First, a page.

Operating systems (OS) provide the interface for programs to access privileged hardware and decide which programs can access system resources, when they can access them and for how long. Within the OS kernel, these decisions are made during scheduling, workload placement and mapping, resource accounting and various kinds of application and VM introspection.
Current serverless and micro-service architectures rely on existing system software to preserve compatibility and minimize development effort. However, they also inherit the latencies and overheads that existing systems carry with them.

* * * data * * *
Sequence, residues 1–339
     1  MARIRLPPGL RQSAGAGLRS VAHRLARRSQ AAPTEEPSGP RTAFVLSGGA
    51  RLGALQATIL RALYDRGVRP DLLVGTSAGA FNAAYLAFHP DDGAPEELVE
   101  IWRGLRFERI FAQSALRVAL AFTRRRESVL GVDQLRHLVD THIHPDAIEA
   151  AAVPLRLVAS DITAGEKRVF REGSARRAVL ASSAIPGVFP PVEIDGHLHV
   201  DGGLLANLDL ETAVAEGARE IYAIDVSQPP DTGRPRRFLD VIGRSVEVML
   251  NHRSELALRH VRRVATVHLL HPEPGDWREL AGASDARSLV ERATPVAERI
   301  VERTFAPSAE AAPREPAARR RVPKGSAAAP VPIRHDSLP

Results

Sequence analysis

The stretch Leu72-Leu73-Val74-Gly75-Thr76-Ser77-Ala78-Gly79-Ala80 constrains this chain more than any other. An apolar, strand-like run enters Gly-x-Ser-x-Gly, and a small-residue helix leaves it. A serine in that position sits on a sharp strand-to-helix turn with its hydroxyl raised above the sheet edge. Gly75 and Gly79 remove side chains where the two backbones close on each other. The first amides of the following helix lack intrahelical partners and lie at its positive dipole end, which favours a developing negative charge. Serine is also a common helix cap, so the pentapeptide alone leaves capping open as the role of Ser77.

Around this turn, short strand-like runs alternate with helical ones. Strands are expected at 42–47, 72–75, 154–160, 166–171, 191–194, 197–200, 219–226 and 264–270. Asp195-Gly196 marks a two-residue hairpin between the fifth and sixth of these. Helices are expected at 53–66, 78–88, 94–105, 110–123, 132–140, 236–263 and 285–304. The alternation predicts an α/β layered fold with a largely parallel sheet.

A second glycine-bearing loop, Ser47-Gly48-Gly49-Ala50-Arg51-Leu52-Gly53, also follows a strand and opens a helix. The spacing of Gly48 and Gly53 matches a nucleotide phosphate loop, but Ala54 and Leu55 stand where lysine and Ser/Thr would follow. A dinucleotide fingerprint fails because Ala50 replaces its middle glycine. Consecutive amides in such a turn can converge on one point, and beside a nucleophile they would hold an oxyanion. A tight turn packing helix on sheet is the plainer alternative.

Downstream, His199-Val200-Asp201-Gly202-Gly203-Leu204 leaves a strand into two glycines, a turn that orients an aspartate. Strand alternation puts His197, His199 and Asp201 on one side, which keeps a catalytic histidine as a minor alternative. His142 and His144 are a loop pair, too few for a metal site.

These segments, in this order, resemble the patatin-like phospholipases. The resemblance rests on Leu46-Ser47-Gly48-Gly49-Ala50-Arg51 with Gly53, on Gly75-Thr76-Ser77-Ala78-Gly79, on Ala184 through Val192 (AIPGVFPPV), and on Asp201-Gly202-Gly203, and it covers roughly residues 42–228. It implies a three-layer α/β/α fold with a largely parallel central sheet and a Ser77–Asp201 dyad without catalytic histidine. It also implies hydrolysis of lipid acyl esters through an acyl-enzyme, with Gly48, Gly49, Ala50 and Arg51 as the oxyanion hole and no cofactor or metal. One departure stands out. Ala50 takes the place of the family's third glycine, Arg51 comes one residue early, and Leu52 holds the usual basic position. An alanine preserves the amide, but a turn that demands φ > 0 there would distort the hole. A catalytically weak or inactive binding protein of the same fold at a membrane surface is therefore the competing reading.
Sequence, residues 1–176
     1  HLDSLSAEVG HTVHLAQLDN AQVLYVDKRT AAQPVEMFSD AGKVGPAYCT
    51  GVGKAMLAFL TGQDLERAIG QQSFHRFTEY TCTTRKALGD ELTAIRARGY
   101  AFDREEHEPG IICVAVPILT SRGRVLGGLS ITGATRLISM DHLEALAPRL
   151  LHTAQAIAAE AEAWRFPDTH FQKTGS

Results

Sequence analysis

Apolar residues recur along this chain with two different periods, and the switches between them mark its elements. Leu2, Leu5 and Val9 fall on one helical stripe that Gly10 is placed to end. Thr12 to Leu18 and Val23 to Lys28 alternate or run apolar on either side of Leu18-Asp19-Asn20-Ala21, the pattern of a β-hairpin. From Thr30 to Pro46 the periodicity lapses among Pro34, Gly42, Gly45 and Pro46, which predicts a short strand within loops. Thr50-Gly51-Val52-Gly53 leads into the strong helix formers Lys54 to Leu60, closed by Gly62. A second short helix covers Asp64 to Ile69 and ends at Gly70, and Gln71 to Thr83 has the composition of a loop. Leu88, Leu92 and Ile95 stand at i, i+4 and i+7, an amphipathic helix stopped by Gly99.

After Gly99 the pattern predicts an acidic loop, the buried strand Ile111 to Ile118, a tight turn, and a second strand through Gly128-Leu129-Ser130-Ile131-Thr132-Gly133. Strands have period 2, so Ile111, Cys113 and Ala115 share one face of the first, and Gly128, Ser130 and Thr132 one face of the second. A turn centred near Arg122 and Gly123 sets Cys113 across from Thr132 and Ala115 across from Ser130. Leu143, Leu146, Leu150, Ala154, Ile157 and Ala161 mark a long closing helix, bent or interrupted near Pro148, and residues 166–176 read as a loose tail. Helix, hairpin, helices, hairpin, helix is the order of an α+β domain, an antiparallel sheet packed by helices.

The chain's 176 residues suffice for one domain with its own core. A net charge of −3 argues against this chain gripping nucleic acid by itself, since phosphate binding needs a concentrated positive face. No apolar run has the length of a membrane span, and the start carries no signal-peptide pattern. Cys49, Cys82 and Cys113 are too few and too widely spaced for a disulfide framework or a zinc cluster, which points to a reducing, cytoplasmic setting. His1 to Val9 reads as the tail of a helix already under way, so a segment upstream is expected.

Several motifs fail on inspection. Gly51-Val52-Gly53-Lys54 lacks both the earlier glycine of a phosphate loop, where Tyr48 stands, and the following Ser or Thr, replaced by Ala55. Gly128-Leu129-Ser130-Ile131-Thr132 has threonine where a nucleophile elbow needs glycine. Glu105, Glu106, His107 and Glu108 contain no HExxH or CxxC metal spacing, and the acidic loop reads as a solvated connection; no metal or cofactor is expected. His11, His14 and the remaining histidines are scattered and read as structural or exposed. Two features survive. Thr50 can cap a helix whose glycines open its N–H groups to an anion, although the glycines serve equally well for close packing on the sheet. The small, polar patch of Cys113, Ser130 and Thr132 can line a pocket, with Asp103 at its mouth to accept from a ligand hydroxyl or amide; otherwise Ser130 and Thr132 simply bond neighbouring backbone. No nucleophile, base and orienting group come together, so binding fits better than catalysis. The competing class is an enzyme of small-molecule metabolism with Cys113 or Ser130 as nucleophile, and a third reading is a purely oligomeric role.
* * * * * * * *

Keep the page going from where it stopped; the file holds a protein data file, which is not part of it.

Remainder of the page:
Although the loss of audibility associated with age-related hearing loss is relatively easy to address via ap- propriate frequency-gain amplification used in today's hearing aids, difficulty hearing in noisy environments is not.
Containerization has recently gained significant interest among cloud providers and users due to its ease of deployment and lightweight virtualization capabilities. The key feature of these approaches is the sharing of a single Linux OS instance among each active container environment.
We observe that the OS and database communities face a similar challenge: how do we optimize systems to exploit the characteristics of specialized hardware without sacrificing the flexibility of general-purpose designs?